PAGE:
In a way the whole of the Buddhist life is a matter of letting go, of these heavy burdens of memories, opinions, identities we carry around like heavy armor. But why carry armor around? We think it protects us but it keeps us away from other people who are also wearing armor. Can you imagine two knights in armor trying to embrace each other? This is what we’re doing all the time and then we wonder why our relationships don’t work. Then the Dharma becomes another form of armor. The Dharma should be a way of giving us the inner confidence to start shedding, to realize there is something else beyond this ego identity that is our true nature, and that it’s okay to drop all these other identifications.
In our practice we should have periods of time and even retreats when we give ourselves the sapce to really ask the question, who am I? One of the points of deity practice, of seeing yourself as the deity, is that it helps us to deal with the question of who we are. For instance, we’re sitting here thinking, “Now I am Chenrezig, I am white, glowing, I have four arms,” and so on and so forth. This is so important, but we don’t really beleive this. It’s our fundamental delusion that we sit there thinking that really I am Mary Smith, pretending that I am Chenrezig – when of course the truth is that I am Chenrezig pretending to be Mary Smith.
I think in all our mediations, especially in visualizations, the important thing is to engage the heart, that it doesn’t just become mental excercise. So it’s very important if, for example, say on is doing prostrations, and one is visualizing the whole Refuge Tree with thousands and thousands of people and deitites and all these things. People go completely crazy trying to visualize all this and keek them all together. The really important thing is to get the conviction that even though you cannot see them, they are all there – absolute conviction that because of our ignorance, because of the veils of our impure perceptions, we cannot at this moment see all the Buddhas and bodhisattvas in front of us, but that they are there and they have always been there.
It’s just this feeling that there really are all those being there, but it’s important not to worry too much. There in the middle is Dorje Chang, and just this feeling that all the rest are there also. Do you understand? Also when you’re seeing yourself as a deity, the important thing is the conviction that you are the deity, that sense of what they call divine pride, the pride of the deity, the sense that though I can’t actually see it quite clearly, yet I really have that feeling, a genuine feeling. You feel your whole spine, your whole body take on the whole other thing as if you really are the deity.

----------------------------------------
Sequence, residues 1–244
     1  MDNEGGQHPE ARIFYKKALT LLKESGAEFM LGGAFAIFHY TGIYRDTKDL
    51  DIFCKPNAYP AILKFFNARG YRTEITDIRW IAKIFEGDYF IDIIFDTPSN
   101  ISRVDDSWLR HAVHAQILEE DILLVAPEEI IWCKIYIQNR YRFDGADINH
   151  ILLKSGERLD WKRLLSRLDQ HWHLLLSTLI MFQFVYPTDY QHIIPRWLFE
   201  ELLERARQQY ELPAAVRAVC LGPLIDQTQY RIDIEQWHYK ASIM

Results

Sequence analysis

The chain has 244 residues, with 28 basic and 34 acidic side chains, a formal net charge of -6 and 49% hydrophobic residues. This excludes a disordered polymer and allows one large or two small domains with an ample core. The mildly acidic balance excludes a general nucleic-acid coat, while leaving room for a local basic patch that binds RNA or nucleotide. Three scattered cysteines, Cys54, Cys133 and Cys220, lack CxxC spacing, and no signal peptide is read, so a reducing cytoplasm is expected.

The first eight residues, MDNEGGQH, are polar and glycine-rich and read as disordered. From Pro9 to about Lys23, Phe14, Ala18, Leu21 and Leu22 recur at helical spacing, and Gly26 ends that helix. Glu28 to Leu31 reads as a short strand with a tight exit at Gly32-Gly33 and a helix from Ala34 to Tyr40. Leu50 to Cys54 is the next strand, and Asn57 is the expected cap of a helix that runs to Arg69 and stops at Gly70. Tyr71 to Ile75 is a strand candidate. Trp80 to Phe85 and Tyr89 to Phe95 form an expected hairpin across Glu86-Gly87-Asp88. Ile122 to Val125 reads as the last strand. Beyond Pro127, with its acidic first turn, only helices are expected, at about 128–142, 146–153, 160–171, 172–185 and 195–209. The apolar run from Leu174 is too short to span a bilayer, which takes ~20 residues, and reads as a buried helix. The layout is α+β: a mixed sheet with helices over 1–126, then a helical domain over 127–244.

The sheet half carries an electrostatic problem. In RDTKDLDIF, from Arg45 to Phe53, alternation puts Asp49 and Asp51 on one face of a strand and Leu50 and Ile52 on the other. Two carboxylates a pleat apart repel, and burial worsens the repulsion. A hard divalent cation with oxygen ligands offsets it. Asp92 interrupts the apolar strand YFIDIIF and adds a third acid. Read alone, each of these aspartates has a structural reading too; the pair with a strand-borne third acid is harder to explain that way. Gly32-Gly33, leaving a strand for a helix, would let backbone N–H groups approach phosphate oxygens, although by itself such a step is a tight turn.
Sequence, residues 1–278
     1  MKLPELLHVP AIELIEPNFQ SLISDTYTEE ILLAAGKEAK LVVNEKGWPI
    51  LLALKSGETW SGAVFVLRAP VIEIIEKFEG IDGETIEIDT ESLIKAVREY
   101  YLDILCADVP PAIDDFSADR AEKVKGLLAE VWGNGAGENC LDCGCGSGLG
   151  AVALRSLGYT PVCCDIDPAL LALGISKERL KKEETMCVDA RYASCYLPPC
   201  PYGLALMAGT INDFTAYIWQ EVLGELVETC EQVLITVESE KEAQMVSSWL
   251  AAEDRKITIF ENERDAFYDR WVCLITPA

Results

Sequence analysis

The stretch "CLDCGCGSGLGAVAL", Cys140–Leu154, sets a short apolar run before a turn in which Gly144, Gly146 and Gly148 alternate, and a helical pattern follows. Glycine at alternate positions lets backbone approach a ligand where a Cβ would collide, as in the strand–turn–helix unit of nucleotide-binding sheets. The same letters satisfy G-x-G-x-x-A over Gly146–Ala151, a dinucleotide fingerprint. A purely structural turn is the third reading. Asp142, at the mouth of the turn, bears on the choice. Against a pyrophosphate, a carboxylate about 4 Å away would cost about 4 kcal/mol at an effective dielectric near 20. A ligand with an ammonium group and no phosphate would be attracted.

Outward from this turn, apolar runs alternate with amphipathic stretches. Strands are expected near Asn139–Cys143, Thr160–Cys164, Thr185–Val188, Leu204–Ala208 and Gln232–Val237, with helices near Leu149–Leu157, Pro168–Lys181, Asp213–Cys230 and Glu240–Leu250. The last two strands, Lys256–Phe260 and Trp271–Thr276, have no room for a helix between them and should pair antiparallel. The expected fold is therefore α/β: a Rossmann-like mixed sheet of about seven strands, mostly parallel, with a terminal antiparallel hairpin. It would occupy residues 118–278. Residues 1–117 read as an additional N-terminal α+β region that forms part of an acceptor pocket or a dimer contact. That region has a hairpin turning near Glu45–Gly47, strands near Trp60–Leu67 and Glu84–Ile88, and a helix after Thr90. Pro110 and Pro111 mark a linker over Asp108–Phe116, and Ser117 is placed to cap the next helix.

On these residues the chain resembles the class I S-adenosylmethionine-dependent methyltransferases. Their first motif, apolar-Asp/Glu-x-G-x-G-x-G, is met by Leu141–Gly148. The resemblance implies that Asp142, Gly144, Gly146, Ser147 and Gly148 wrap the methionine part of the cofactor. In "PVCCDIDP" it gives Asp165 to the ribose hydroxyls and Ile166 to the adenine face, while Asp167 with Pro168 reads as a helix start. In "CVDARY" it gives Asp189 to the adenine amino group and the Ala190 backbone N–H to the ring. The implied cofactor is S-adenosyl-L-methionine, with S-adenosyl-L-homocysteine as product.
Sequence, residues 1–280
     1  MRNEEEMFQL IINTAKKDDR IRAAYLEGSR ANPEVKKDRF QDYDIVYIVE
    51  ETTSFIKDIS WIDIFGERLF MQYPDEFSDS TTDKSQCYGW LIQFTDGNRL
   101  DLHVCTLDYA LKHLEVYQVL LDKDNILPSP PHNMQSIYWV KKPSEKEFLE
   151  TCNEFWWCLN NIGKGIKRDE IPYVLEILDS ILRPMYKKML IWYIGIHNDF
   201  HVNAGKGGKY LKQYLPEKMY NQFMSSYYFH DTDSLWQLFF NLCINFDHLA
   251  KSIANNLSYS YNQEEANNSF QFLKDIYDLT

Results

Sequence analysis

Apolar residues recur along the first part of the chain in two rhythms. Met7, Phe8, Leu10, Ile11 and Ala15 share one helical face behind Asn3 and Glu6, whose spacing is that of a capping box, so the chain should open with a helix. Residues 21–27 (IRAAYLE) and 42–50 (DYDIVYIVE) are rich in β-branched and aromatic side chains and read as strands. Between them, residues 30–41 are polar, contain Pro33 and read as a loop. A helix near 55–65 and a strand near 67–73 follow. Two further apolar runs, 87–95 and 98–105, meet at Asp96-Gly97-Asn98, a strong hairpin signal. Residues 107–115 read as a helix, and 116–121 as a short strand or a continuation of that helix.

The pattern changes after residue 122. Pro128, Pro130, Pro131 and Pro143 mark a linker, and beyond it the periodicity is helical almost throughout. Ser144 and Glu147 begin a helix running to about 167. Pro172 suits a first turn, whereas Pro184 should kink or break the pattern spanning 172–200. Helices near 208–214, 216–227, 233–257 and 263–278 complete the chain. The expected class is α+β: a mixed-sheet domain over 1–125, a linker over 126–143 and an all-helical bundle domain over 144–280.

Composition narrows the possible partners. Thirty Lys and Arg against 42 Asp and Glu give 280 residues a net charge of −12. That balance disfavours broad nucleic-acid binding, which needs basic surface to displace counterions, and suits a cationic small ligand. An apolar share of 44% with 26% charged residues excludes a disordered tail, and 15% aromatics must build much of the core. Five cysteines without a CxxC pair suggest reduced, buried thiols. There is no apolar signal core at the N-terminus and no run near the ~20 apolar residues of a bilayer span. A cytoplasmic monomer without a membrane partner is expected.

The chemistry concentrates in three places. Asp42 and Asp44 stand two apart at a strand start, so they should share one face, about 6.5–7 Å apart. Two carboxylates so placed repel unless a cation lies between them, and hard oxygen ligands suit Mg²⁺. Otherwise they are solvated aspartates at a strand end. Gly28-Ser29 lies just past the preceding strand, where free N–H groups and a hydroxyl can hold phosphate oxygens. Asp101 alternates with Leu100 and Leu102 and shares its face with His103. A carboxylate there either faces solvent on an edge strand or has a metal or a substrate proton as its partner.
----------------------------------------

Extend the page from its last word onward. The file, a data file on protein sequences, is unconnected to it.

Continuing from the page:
That’s the whole point of tantra – that we are making these false identifications the whole way through. That’s our delusion. And that’s why in tantra, if we’re doing it properly, not while we’re sitting for the short time doing our prayers, but all through the day we’re seeing all beings as Chenrezig. It’s not like we become megalomaniacal and say, “Oh, well, I’m Chenrezig and then there are all these poor little suckers.” All being are Chenrezig. We respect their innate Buddha nature. All sounds are Om mani padme hung. All thoughts – good thoughts, bad thoughts, stupid thoughts, wise thoughts – are they play of the dharmakaya, the wisdom of the Buddhas. If we can keep that going throughout our whole day, maybe something will happen. Do you understand? We have to do it. But we don’t do it rigidly, but with a mind that is very spacious and at the same time very focused and pure. And with a heart that is genuinely open. The transformation happens down in the heart, it doesn’t just happen in the head. It doesn’t matter how clever we are or how brilliant we are a giving Dharma talks, or how many books we’ve read or how much we’ve studied. That’s up here. What’s happening in our hearts? That’s all that counts in the end, when we die. What’s going to help us? How much we’ve got in our heads? That’s gone.
We have to take the Dharma and so totally merge it with our everyday lives that there’s no difference. We always say a prayer again and again, that my life and the Dharma may be equal, may be one. Everything we do, every action we take, every person we meet, every breath we take, if we are alert, if our minds are in that open spaciousness, that awareness, with that quality of knowing, then it would be perfect. The Buddha always talked about th Middle Way, between the extremes of making the strings of the instrument too tight so that they make a harsh sound, or making the strings too loose, so they don’t make any sound at all. We need to tune it just right, so that it makes a very sweet melody. Our life can be beautiful too, a beautiful melody, if we try.